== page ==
Health & Fitness

Want soft skin as you age? Stay out of the sun

Dr. Shasa Hu
Dr. Shasa Hu UHealth-the University of Miami Health System

As women age, more attention needs to be paid to skin care to keep the skin from drying out and losing its luster.

“Lysozymes don’t really work as well so toxins can build up in your cells as you get older. Cells don’t divide as quickly and so you don’t heal as fast,” said Dr. Leslie Baumann, who started the Cosmetic Division of Dermatology at the University of Miami and now runs Baumann Cosmetic and Research Institute.

Although people tend to associate aging with wrinkles, Baumann, a Miami Herald columnist, said skin discoloration is the more pressing problem. Other issues include drier skin, brown spots, thinner skin, broken blood vessels, roughness and loss of radiance.

“As women mature, they go through menopause and the drop in estrogen clearly affects their skin. Commonly, we see drier skin and the skin loses its elasticity. All these potential problems can be helped with the appropriate skin care,” said Dr. Shasa Hu, a dermatologist at UHealth — the University of Miami’s Health System.

Despite these hormonal changes, dermatologists agree that signs of aging and skin problems, such as skin cancer, can be prevented with proper skin care and a healthy lifestyle.


Year round, especially in South Florida, it is important to wear sunscreen every day. Even minimal sun exposure, such as the walk from the parking lot to the office or walking between buildings, can damage maturing skin. Baumann suggests applying half a teaspoon of sunscreen at least 15 SPF every morning.

“The rate of skin cancer rises as we get older, mainly because cumulatively we’re getting more sun exposure. Also, as we get older, our skin immune system is in decline so we’re not able to fight off mutations as well,” Hu said.

Hu also recommends that women stay out of the sun during peak hours, which are from 10 a.m. to 4 p.m. During these hours, UV light emitted from the sun is the strongest and can cause the greatest amount of damage.

“Sunscreen is key. It doesn’t have to be the water resistant, tackier versions of the sunscreen. It can be something that feels more like a very elegant moisturizer-type product, ” said Dr. Ileana Perez-Quintairos, a dermatologist with Baptist Health Quality Network.

After putting on sunscreen, women should also re-apply the product every two hours, especially if they’re exposed to the sun for a long period of time such as at the pool or at the beach.


Antioxidants not only boost the body’s internal immune system, but they can also boost the skin’s immune system. Topical antioxidants, Baumann suggests, should be applied twice daily.

The most popular and readily available topical antioxidant is vitamin C. Applying vitamin C can brighten the skin while also preventing and repairing damage. Baumann also suggests using a retinoid product, such as a cream, before going to bed.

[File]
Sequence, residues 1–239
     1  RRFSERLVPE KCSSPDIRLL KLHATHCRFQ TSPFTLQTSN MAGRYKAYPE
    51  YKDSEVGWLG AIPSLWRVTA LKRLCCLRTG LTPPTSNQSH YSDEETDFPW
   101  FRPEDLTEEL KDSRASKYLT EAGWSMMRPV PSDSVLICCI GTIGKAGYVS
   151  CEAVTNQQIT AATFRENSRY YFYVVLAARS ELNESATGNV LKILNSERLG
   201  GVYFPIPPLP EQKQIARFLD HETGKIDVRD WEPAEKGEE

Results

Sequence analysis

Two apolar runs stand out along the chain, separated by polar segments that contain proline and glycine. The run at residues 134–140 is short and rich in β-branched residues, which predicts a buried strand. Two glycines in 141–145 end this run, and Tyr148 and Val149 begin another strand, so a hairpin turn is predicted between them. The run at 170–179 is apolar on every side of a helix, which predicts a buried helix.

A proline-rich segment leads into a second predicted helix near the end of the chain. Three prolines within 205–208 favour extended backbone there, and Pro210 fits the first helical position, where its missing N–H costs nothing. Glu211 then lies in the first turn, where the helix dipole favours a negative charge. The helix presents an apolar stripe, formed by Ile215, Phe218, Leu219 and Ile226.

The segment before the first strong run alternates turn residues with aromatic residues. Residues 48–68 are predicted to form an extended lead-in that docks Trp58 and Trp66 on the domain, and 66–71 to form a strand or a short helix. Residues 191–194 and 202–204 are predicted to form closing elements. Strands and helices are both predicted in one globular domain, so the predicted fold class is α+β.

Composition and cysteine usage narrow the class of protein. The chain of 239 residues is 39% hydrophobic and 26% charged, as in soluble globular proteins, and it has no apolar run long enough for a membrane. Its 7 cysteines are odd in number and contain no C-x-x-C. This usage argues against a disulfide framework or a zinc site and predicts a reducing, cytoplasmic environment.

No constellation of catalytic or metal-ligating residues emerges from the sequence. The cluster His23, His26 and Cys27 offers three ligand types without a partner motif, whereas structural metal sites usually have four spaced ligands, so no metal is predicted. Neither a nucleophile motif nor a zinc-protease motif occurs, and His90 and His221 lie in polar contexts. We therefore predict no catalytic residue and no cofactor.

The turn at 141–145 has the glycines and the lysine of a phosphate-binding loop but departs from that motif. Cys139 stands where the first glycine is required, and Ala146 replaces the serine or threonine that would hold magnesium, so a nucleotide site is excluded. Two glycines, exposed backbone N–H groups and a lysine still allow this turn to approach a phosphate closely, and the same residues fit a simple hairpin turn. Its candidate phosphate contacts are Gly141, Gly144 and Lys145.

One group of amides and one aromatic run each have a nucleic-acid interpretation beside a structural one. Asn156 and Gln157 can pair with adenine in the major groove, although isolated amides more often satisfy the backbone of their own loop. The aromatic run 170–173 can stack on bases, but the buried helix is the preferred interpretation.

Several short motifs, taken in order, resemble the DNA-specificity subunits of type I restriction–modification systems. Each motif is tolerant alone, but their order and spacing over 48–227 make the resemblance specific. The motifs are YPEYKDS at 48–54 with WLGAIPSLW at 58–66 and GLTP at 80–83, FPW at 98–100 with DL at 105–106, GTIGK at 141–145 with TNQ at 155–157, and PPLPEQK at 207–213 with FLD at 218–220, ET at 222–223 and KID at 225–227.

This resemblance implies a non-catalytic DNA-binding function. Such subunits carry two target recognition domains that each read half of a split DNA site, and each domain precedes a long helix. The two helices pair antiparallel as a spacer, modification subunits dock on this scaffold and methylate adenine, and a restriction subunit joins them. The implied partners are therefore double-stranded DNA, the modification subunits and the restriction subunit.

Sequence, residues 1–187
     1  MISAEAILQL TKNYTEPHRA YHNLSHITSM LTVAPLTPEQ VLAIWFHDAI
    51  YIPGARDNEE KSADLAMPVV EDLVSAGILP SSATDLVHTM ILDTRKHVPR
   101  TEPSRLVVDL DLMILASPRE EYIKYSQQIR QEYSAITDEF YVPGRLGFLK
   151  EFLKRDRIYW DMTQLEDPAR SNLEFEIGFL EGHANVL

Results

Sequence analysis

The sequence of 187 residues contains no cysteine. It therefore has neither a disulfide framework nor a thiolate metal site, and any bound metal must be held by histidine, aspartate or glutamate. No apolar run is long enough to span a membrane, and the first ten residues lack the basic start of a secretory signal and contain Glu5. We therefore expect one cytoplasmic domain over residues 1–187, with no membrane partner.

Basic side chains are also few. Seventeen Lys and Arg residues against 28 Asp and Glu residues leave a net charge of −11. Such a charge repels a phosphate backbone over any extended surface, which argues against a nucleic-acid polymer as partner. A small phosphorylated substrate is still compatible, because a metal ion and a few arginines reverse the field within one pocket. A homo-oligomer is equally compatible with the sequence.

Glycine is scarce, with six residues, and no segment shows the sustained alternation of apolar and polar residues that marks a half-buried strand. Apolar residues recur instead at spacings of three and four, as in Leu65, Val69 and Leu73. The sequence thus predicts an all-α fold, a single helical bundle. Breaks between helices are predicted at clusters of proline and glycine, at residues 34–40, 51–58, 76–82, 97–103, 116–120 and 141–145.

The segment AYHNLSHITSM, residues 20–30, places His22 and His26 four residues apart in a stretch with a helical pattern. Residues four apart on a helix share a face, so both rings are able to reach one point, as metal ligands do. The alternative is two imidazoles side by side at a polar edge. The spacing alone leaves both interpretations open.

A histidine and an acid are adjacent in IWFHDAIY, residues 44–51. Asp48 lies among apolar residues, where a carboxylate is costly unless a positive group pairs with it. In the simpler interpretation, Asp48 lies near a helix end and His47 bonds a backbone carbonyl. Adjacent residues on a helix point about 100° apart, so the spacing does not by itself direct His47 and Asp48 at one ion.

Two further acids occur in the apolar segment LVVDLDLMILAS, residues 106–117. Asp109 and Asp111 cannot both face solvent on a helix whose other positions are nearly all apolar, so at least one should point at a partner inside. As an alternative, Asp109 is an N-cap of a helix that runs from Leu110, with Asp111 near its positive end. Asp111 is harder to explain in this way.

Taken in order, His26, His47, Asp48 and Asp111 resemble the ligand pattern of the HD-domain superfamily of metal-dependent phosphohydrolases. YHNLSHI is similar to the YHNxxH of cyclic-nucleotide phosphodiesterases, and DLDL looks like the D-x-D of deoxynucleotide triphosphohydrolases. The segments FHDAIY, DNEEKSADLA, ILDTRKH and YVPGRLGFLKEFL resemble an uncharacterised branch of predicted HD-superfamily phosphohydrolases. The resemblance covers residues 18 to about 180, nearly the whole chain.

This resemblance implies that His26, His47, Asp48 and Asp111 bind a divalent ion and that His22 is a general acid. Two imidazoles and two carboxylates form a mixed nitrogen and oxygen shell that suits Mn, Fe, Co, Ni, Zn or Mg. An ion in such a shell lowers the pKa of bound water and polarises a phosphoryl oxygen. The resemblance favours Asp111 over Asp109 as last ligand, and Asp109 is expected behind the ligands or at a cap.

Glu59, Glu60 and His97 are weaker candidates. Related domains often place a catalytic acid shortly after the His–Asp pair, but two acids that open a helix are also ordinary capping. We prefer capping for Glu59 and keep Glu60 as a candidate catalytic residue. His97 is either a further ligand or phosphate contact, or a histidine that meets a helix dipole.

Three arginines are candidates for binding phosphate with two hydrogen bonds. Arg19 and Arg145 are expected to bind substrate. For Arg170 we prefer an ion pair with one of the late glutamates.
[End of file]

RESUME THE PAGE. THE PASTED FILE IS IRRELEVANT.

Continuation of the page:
“Using topical retinoid products help increase the collagen and elastin content in the skin over time and helps in prevention,” Perez-Quintairos said.

Collagen and elastin are proteins that give skin its shape and firmness. Some of the effects of aging, such as wrinkles and sagging, can be attributed to the body producing less of those proteins.

Skin can also be improved from the inside out by eating antioxidant-rich foods, such as ginger, green tea, dark chocolate and drinking coffee. Sugar consumption should be minimized to prevent the glycation that can make skin age.


When buying skincare products, avoid overspending on products that won’t work and find products that tailor to specific skin types and skin problems.

“A lot of the time, I see my patients just go to the store and pick out labels with some of the ‘buzzwords’, ‘all-natural’, ‘organic.’ They don’t pick the right skin products,” Hu said. “Over-the-counter skin products will incorporate various natural oils and unfortunately natural oils can be very irritating to mature skin when the skin is already dry and sensitive.”

When looking for products, it’s also important to note the differences between cosmetics, cosmeceuticals and prescription products.

“There are over-the-counter-type products that may not have as much scientific evidence as far as their usefulness on the skin. Cosmeceutical products tend to be sold and dispensed by physicians and those products tend to have more evidence that what they claim is true. Prescription agents have the most evidence that they do indeed work,” Perez-Quintairos said.

Baumann warns against buying products with stem cells.

“They’re expensive and they don’t work. They have things like plant stem cells, apple stem cells and they don’t work because they’re not human stem cells. They’re a waste of money,” Baumann said.


Another way to take care of not only the body, but also the skin, is to exercise and get enough sleep. As cells mature, the mitochondria — the powerhouse of the cell — doesn’t work as well, which makes it more difficult for the body to repair itself.

“New studies have shown that weight-bearing exercise, not cardio, but lifting weights, might improve mitochondrial function and make cells act younger,” Baumann said. “It also lowers your stress, lowers your cortisol, lowers your sugar and that also helps prevent aging.”

Cortisol is a stress hormone that can accelerate aging. Another way to prevent stress, lower cortisol levels and keep blood sugar low, Baumann said, is to get at least seven hours of sleep a night.


▪ Wear half a teaspoon of at least 15 SPF sunscreen daily and minimize sun exposure

▪ Apply a topical antioxidant twice daily

▪ Apply a retinoid product at night

▪ Be wary of skin care products and carefully read labels

▪ Incorporate weight-bearing exercise to lower stress hormones and blood sugar

▪ Eat healthy and minimize sugar consumption

▪ Get at least seven hours of sleep a night